With vehicles being a substantial investment and the cost of fuel rising, it’s important to make sure that your vehicle is running at its optimal level. One way to do this is by keeping an eye out for LTO violations—especially if you plan on driving in Metro Manila.
Regardless of your vehicle’s age, registering it with the Land Transportation Office (LTO) is a time-consuming process. Obviously, a significant sum of money is also required. However, when contrasted to the fines and penalties associated with noncompliance, the hours and a few thousand pesos we spend each year registering our vehicles is nothing. Driving an unregistered vehicle might easily cost you five figures, in case you were unaware. In this guide, we will discuss the different types of LTO violations and how they can affect you. Keep on reading to learn more.
Aside from operating an unregistered vehicle, there are countless other offenses, some of which carry significantly harsher punishments. We will examine eight LTO registration violations that every driver should be aware of in this post. The information in this post, like all of our previous lessons, was obtained straight from the Land Transportation Management System (LTMS) Portal. However, changes to the system are constantly being made, so you should always check the latest regulations regarding registration violations with the LTO directly.
#1 Driving an unregistered vehicle
This includes driving a vehicle with an incorrect registration or a registration that is expired, revoked, suspended, or invalid. Operating a motor vehicle with an unregistered or phoney replacement or substitute engine, engine block, or chassis is likewise prohibited.
If a motor vehicle is not registered and the violation has been continuous for more than one month, the vehicle will be held and released only after valid registration and payment of all applicable fines and penalties. In the case of undocumented engines, the vehicle will be impounded and fine payments will be forbidden for a year. Similarly, the authorities will seize any undocumented engines.
#2 Unauthorized motor vehicle modification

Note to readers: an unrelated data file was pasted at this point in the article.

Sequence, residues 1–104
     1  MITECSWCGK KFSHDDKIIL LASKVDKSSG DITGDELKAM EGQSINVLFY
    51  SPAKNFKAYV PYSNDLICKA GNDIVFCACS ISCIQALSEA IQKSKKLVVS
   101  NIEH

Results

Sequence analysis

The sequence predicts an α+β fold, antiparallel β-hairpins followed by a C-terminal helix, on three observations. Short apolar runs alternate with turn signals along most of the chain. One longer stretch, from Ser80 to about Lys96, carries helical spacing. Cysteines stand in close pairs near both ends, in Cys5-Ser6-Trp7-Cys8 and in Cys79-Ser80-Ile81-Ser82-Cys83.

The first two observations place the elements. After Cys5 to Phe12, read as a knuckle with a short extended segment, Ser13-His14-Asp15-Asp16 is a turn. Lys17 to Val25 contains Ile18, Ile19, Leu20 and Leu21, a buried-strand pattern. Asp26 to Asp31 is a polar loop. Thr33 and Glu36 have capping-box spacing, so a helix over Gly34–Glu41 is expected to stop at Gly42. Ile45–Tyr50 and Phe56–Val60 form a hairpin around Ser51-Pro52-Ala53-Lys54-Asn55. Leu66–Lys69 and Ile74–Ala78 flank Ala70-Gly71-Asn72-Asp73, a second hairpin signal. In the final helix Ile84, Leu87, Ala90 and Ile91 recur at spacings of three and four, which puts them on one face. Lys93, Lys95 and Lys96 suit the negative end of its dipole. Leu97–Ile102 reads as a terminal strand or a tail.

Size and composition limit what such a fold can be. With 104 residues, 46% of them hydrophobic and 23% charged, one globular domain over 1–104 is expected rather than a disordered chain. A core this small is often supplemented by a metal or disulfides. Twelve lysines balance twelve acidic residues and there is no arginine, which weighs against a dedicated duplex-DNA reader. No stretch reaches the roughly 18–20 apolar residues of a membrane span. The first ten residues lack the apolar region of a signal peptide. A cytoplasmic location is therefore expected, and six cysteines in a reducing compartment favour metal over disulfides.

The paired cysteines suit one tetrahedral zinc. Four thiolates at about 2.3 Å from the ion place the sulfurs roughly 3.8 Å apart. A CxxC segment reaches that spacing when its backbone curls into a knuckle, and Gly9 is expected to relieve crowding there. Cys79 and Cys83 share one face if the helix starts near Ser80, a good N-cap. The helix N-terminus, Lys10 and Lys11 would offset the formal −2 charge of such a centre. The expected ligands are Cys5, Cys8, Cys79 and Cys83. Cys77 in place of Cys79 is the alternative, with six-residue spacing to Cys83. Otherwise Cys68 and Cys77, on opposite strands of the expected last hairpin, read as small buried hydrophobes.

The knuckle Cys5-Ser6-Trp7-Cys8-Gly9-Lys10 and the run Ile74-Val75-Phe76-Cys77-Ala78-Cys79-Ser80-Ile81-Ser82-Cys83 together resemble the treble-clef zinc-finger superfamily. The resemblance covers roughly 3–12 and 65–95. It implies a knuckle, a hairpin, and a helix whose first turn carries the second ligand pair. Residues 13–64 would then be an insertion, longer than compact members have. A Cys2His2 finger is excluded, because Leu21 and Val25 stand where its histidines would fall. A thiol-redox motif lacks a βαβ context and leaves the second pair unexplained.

This includes color alterations and other illegal changes to the manufacturer’s standard standards that are not addressed in the preceding section.
Penalties: Vehicle release is conditional on inspection, correction of the defect, and payment of the fine.
#3 Driving a right-hand-drive vehicle
Yes, in case you didn’t know, driving a right-hand-drive vehicle in the Philippines is illegal. But what does this mean exactly? A right-hand-drive vehicle is one that has its controls on the left side of the car, and not on the right like in North America. This means that if you drive a right-hand-drive vehicle here, you’ll have to drive on the wrong side of the road!
Penalties: The vehicle will be confiscated and released after an inspection and payment of the fine if the flaw has been corrected.
#4 Driving a motor vehicle with defective, unsuitable, or unlawful attachments, gadgets, equipment, or parts
Bells, sirens, whistles, blinkers, horns, grilles, brakes, brake lights, mirrors, mufflers, spare tires, speedometers, windshields, and windshield wipers are examples of road safety accessories.
Penalties: The motor vehicle will be impounded until the accessory, device, equipment, or part, as appropriate, is properly installed, repaired, or removed, and the fee is paid. Furthermore, the erroneous or illegal accessory, gadget, equipment, or component must be confiscated for the benefit of the government.
#5 Failure to attach, incorrectly attaching, or tampering with permitted motor vehicle license plates and third plate stickers.
This includes the attachment of unauthorized plates, accessories, or devices to and/or surrounding the approved motor vehicle license plate, as well as any form of attachment that reduces the visibility or reflectivity of the authorized motor vehicle license plate and/or the third plate sticker.
The authorized motor vehicle license plate or third plate sticker must be properly attached, while the unauthorized plate, accessory, or gadget must be removed and forfeited to the government.
#6 Billowing smoke
Any vehicle suspected of exceeding emission limitations based on observable symptoms, such as smoke-belching, must pass an emission test. This is a grave violation of the law, as it can compromise public health.
Smoke belching from a vehicle is a sign of excessive emissions, which can cause serious health problems. It can also lead to traffic accidents, as the driver loses visibility due to the billowing smoke.
First offense: a maximum fine of P2,000.
Second offense carries a maximum fine of P4,000.
The third and subsequent offenses result in a one-year suspension of vehicle registration and a maximum penalty of P6,000.
Penalties: The car will be impounded, and the license plate will not be restored until the required emission test and fee are passed. Furthermore, the driver and operator of the impounded vehicle must attend a pollution control management training provided by the Department of Environment and Natural Resources (DENR).